This isn’t a one-off conversation. Edmund apparently is used to being introduced to as “whoreson”, or his existence explained to him by his father saying “I so often blushed in order to acknowledge him,” to anyone and everyone he forces him to meet.

It’s not surprising that Edmund is a criminal. You know what I mean. Would you not want to see the world go to pieces if your father, your friends, and your older brother didn’t respect you? Your older brother will inherit everything, while you are left in the cold. That’s what I think.

What’s fascinating is that, while Edmund may be defensive of his position in society, he also enjoys it and turns the political logic illegitimacy upside down.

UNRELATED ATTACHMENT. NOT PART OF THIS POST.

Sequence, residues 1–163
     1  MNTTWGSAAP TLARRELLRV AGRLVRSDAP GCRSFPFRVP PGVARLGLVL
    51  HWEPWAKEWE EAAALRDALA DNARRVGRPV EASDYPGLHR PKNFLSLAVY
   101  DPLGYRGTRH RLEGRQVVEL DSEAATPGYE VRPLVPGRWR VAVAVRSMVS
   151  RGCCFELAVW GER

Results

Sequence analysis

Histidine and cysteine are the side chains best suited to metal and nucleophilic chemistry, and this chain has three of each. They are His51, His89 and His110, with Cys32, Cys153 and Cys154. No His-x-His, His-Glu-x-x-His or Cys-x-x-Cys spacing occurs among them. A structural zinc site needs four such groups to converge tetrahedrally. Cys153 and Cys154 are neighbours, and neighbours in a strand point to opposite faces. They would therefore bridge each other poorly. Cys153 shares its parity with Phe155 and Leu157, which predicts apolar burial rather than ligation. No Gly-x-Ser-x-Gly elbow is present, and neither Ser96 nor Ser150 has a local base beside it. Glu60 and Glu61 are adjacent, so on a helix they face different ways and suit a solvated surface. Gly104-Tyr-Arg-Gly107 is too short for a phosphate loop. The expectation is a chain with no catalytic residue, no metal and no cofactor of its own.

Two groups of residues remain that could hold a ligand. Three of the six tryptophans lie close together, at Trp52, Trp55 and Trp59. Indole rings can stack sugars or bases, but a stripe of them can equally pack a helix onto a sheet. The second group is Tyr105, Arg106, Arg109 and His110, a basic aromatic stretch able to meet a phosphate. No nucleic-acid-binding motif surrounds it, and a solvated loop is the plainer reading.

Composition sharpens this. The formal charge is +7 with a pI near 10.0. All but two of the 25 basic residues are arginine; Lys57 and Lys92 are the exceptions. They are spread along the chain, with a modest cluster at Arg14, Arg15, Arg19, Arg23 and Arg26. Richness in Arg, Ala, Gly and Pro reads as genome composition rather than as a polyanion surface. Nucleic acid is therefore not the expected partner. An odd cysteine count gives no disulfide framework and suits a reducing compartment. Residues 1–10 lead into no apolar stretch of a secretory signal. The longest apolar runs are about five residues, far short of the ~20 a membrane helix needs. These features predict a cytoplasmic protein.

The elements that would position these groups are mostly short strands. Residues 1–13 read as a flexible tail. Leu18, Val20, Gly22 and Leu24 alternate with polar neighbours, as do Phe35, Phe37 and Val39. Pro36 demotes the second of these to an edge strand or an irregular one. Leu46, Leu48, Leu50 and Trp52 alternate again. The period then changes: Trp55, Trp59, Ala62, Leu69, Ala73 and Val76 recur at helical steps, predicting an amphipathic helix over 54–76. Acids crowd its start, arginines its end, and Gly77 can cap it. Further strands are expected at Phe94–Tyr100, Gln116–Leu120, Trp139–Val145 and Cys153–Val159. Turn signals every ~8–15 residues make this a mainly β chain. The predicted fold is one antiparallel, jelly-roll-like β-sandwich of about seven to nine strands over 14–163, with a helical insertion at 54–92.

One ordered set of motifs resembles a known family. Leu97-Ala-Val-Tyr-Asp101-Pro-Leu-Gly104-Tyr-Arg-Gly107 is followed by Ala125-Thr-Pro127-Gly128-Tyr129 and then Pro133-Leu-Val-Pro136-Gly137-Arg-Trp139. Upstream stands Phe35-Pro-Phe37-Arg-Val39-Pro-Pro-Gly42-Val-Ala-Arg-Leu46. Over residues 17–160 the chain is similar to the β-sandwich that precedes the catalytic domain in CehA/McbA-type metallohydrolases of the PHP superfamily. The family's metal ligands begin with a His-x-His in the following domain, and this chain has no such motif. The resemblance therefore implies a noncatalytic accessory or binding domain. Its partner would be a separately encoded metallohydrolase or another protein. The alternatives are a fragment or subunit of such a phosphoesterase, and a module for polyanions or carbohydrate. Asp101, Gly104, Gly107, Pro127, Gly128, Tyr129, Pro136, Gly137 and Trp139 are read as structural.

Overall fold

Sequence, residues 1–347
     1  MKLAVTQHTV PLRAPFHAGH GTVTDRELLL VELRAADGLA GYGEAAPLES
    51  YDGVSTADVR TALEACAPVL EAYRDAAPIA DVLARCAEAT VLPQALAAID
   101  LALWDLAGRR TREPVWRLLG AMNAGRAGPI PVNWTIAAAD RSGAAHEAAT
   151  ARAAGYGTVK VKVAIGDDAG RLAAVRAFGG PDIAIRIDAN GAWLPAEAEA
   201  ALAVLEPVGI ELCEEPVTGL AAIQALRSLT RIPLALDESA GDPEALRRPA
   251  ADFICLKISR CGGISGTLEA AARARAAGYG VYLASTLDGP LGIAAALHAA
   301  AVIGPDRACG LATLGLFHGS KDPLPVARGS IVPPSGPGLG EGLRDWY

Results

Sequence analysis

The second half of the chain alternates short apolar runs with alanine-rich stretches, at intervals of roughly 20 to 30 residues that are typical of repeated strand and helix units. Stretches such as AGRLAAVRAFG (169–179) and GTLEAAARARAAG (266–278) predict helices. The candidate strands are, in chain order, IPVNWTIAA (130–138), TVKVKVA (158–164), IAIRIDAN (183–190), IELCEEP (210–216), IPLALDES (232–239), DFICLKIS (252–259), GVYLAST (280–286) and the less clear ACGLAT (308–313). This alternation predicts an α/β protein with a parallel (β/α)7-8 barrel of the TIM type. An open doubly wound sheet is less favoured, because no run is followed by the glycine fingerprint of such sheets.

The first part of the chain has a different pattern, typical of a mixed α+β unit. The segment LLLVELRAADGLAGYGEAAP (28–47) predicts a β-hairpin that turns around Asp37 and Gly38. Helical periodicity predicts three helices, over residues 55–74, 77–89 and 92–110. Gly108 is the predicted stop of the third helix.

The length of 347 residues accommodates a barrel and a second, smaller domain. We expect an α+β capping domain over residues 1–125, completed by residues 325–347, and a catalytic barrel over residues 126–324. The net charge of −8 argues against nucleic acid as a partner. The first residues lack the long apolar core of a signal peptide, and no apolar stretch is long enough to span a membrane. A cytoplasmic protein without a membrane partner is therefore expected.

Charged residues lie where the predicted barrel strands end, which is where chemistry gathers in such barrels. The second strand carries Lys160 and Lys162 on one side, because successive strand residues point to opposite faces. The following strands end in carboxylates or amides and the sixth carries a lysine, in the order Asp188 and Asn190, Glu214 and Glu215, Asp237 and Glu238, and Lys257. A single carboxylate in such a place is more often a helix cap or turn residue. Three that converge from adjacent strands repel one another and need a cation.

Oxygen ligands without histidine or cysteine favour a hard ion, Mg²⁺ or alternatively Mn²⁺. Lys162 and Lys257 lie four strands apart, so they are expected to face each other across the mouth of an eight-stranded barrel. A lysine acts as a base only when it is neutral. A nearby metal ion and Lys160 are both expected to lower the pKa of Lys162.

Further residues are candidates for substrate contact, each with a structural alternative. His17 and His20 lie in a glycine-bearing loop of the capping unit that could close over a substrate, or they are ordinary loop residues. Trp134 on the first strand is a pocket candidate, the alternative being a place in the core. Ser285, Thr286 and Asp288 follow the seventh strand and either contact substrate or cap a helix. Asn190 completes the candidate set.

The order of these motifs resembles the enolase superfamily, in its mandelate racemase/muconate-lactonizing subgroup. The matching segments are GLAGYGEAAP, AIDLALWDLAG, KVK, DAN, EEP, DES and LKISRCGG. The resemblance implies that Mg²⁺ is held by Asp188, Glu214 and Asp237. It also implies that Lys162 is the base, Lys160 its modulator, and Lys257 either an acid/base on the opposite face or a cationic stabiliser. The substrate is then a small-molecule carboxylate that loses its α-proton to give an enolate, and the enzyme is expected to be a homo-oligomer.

“Why bastard? Wherefore base?/When I have such small dimensions/My mind is as big as my body/As honest madam?/Why are they us/With base With baseness? bastardy? Base, base?/Who in the lusty stealthy of nature, take/More structure and fierce quality/Go to the creating of a whole tribe/Got ‘tween awake and wake?

Edmund considers himself to be his elder brother’s superior. Edmund was created in “lusty theftth”, which is much more legit than his older brother being born in “a dull and stale, tired mattress”.

Edmund eventually meets Lear’s two unfaithful daughters, Goneril, and Regan. They fall in love with each other, but it is clear that Edmund is using them only for his own purposes.

Their names were inspired by an STD. You can think about it. Goneril Regan. GonerRegan. Gonorrhea!